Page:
A decision without a published opinion is authority only in the case in which such decision is rendered and should not be cited in any other case in any court for any other purpose, nor should any court consider any such decision for any purpose except in the case in which such decision is rendered. See Rule of Appellate Procedure 30 (e)(3).

NO. COA02-581


Filed: 31 December 2002


    v.                        Forsyth County
                            Nos. 98 CRS 053196, 053202,
EMERY McARTHUR                        053220, and 99 CRS 057956

    Appeal by defendant from amended judgment dated 5 October 1999 by Judge Peter M. McHugh in Forsyth County Superior Court. Heard in the Court of Appeals 30 December 2002.

    Attorney General Roy Cooper, by Assistant Attorney General J. Philip Allen, for the State.

    Russell J. Hollers, III for defendant appellant.

    GREENE, Judge.

    Emery McArthur (Defendant) appeals from a judgment dated 5 October 1999 entered consistent with his guilty plea to possession of heroin, two counts of sale of heroin, two counts of possession with intent to sell and or deliver heroin, possession with intent to sell and or deliver cocaine, and maintaining a dwelling to keep controlled substances. Defendant also pleaded guilty to attaining the status of habitual felon. After accepting Defendant's guilty plea, the trial court determined Defendant had seven prior record points and was a Class C felon with a prior record level of III. The trial court entered a consolidated judgment and committed Defendant to a minimum term of 144 months and a maximum term of 182months imprisonment.


    The dispositive issue is whether the trial court incorrectly calculated Defendant's prior record level by including convictions also used to establish Defendant was a habitual felon.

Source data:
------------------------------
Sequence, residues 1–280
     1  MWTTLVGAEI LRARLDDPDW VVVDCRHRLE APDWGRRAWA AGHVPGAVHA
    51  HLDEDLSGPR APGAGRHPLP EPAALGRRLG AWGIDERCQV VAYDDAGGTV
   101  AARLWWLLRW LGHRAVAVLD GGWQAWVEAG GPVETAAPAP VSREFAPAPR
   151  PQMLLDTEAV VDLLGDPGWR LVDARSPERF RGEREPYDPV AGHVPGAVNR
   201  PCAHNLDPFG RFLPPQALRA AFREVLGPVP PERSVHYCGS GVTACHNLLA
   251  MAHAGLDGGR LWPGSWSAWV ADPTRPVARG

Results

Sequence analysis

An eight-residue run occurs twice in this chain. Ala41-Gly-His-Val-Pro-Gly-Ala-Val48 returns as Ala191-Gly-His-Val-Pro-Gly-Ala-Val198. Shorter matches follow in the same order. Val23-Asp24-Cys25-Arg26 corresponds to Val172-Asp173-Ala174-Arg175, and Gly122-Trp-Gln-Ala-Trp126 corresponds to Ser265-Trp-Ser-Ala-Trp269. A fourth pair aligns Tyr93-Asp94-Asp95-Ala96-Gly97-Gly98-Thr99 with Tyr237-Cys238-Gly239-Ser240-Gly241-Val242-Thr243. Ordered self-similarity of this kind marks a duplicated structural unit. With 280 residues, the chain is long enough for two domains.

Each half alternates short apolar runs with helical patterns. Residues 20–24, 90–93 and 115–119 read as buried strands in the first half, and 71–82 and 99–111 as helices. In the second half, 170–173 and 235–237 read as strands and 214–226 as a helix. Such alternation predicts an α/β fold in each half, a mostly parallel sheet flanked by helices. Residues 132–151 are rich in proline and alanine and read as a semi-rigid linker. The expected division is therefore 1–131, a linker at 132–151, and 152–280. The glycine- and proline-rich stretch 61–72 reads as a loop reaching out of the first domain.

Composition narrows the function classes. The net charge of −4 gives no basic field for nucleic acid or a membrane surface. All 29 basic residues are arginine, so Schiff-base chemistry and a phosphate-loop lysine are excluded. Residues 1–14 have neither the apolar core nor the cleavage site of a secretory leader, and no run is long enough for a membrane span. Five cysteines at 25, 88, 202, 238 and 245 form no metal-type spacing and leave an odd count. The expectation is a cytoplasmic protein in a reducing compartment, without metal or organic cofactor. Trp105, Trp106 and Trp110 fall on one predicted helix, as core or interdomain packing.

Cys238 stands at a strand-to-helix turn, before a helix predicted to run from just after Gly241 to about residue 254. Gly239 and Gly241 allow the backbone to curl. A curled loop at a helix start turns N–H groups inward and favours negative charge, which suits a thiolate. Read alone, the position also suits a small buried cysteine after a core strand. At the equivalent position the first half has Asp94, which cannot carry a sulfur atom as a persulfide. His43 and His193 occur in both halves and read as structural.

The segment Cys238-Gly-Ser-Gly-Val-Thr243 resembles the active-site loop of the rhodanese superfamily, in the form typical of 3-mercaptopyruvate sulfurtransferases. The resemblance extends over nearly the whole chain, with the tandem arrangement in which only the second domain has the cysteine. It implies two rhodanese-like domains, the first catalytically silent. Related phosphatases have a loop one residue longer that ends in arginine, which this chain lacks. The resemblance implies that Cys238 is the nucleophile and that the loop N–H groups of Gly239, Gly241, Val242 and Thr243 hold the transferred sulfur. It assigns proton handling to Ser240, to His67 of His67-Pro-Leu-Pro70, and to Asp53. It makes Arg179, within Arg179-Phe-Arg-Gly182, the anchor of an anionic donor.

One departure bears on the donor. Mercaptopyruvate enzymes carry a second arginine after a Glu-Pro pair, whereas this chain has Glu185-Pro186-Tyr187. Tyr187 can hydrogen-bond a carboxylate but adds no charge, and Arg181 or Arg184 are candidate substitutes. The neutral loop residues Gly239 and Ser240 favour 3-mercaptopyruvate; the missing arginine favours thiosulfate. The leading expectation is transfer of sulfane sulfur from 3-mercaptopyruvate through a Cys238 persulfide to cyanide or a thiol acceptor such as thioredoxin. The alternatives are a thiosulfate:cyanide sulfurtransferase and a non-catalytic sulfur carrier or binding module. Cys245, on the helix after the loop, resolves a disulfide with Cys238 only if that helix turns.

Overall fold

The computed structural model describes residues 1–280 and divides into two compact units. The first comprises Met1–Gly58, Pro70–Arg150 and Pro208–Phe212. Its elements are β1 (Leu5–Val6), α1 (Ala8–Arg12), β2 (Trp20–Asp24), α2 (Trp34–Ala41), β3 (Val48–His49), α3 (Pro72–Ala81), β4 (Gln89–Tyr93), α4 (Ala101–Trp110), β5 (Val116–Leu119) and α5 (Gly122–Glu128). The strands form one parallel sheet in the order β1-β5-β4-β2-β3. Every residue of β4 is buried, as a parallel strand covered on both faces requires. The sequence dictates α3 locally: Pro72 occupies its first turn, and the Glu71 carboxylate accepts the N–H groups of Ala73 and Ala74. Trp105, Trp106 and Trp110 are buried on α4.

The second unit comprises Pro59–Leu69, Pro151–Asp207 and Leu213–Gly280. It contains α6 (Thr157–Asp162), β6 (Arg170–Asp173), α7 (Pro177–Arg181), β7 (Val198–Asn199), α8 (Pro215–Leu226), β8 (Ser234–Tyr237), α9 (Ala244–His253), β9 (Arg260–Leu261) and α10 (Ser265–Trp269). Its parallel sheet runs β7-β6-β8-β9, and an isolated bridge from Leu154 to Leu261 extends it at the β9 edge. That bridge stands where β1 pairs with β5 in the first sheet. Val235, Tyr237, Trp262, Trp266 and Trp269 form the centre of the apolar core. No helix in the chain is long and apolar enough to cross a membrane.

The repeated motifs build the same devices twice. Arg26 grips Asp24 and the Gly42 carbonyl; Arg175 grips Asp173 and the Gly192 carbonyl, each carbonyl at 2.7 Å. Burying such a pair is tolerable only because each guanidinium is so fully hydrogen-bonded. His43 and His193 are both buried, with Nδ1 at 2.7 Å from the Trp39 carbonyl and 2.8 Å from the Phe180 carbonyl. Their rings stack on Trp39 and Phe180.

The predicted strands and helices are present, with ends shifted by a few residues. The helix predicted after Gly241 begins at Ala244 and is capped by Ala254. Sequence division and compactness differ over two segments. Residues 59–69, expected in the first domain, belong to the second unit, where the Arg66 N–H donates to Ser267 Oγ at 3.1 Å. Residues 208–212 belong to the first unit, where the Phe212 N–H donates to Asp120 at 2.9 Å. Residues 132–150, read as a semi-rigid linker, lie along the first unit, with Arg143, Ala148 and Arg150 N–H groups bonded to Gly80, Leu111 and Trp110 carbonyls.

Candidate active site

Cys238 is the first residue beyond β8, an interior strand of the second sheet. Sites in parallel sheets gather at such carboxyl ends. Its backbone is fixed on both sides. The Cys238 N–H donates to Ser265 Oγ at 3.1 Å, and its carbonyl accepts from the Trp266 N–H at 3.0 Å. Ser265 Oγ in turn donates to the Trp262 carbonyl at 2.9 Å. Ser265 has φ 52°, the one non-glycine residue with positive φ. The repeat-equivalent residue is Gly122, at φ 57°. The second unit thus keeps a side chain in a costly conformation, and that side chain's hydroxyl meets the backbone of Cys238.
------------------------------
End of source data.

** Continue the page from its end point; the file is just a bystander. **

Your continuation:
Defendant argues, and the State concedes, the trial court erred in sentencing Defendant at prior record level III because two of the three convictions used to establish his habitual felon status were also used to determine his prior record level. We agree.
    “In determining [a defendant's] prior record level, convictions used to establish a person's status as an habitual felon shall not be used.” N.C.G.S. § 14-7.6 (2001). This Court stated in State v. Bethea that N.C. Gen. Stat. § 14-7.6
        recognizes that there are two independent avenues by which a defendant's sentence may be increased based on the existence of prior convictions. A defendant's prior convictions will either serve to establish a defendant's status as an habitual felon pursuant to G.S. 14-7.1 or to increase a defendant's prior record level pursuant to G.S. 15A- 1340.14(b)(1)-(5). G.S. 14-7.6 establishes clearly, however, that the existence of prior convictions may not be used to increase a defendant's sentence pursuant to both provisions at the same time.

State v. Bethea, 122 N.C. App. 623, 626, 471 S.E.2d 430, 432 (1996).
    In this case, Defendant's habitual felon indictment alleged he was a habitual felon based on the following three felony convictions: (1) 1977 forgery conviction in Forsyth County casenumber 77 CRS 20964; (2) 1980 sale and delivery of cocaine conviction in Forsyth County case number 80 CRS 16610; and (3) a 1991 possession of cocaine conviction in Forsyth County case number 90 CRS 30653. Defendant's prior record level worksheet shows Defendant had previously been convicted of: (1) misdemeanor larceny on 11 July 1988 (Class M1); (2) possession of cocaine on 30 August 1990 (Class I felony); (3) forgery on 30 June 1977 (Class H felony); and misdemeanor larceny on 5 October 1982 (Class M1).
    A review of the record shows Defendant's convictions for the 1977 forgery conviction (77 CRS 20964) and the 1991 possession of cocaine conviction (90 CRS 30653), which were listed on the habitual felon indictment, were improperly used to determine Defendant had four prior record level points. Because each felony was worth two points, see N.C.G.S. § 15A-1340.14(b)(4) (2001), Defendant should have been found to have only three total prior record level points and a level II status. Accordingly, Defendant's sentence is vacated and this case is remanded for resentencing.
    We note Defendant pled guilty to possession with intent to sell and deliver heroin in case number 99 CRS 3204, but the judgment incorrectly reflects a conviction for possession of heroin. This case must, therefore, be remanded to correct the judgment and make it consistent with Defendant's guilty plea. See State v. Durham, 74 N.C. App. 121, 124, 327 S.E.2d 312, 315 (1985).
    Remanded for resentencing and correction of judgment. Judges TIMMONS-GOODSON and TYSON concur.
    Report per Rule 30(e).

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